Some Climats bear the mark of a real Burgundian temperament, constructed over the main episodes in the history of France and its winegrowing. The wines from these plots reflect the authentic regional character where the daily hard work merges with the passion of the winegrowers.
Winegrowing in the Bourgogne region dates back to Roman times, more than 20 centuries ago. It was shaped by the people – the kings, lords and monks who held the power through different periods in France’s history. In decoding the names of some of the Climats, you will discover this rich history, with all its humanity.
The Bourgogne region is an independent-spirited land stamped with spirituality.
Bearing witness to this living history, the clos formed the boundary walls of properties belonging to lords, the Dukes of Bourgogne and Kings of France. They were also used to enclose the land of certain prestigious religious institutions.
This was the case for Clos de Vougeot, a Climat made famous by the monks of the Abbey of Cîteaux.
In Gevrey-Chambertin, Duke Amalgaire gave the gift of a clos to the monks of the Abbey of Bèze. It is today known as, and was the first to leave its mark in history, with a written trace of it dating back to the year 640!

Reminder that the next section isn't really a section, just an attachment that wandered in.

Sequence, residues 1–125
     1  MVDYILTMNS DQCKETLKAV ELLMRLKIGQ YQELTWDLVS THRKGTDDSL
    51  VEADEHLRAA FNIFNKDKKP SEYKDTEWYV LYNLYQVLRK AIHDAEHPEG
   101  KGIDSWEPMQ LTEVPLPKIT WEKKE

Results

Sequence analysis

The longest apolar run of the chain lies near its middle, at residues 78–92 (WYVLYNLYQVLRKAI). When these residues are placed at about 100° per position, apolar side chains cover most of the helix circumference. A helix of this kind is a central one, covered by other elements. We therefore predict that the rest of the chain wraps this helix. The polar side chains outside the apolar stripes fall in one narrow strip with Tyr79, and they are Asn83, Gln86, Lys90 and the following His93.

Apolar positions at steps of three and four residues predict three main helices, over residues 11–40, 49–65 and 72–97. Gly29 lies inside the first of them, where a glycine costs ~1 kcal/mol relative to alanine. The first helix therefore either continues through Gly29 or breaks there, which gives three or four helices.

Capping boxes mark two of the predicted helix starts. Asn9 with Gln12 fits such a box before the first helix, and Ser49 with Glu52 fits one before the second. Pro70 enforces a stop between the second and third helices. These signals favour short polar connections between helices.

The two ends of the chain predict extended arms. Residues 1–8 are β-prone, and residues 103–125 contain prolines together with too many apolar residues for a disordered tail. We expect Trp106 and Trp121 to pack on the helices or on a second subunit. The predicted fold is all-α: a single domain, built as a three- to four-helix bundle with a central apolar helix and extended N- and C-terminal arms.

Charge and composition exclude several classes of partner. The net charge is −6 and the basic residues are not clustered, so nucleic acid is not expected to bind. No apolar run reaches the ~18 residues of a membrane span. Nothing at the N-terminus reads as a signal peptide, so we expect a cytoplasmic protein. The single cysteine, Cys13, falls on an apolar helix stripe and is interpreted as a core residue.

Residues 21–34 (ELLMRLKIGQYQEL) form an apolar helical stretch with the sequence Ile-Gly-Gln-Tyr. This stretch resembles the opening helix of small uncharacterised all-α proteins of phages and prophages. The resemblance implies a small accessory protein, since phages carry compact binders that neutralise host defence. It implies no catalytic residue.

Different clos can be found right across the region, from Chablis Grand Cru, Les Clos, in the north to Pouilly-Fuissé, Au Clos, in the south. These walled plots are key symbols of the Bourgogne region.
Passionate about their work and the wines they produce, the people of Bourgogne (men as women!) have always been characterized by their hardened yet festive temperament.
The names of some Climats refer to the close relationship the locals have with their vines. For example, in the Bourgogne region, when the earth sticks to one’s feet, winegrowers are in the habit of saying that the earth is in love. This is no doubt the case in the Climat of Les Amoureuses in Chambolle-Musigny, which is made up of a shallow layer of clay over a very compact limestone layer. One just has to walk there after it has been raining to understand.
The name of this plot speaks to the imagination and arouses many different interpretations. The most likely is very down to earth!
Every day for more than 2,000 years, the men and women of the Bourgogne region have written the history of the vines and their wines with every gesture. The work in the vines has naturally given rise to some very significant names.
Such is the case for “La Corvée.” This term from feudal law denotes the days of compulsory free work that the serfs owed their seigneurs. This was the main way landowners were able to muster the necessary labor to carry out important seasonal tasks such as harvesting.
Some wines using this name include Ladoix Premier Cru, La Corvée and Nuits-Saint-Georges Premier Cru, Clos des Corvées.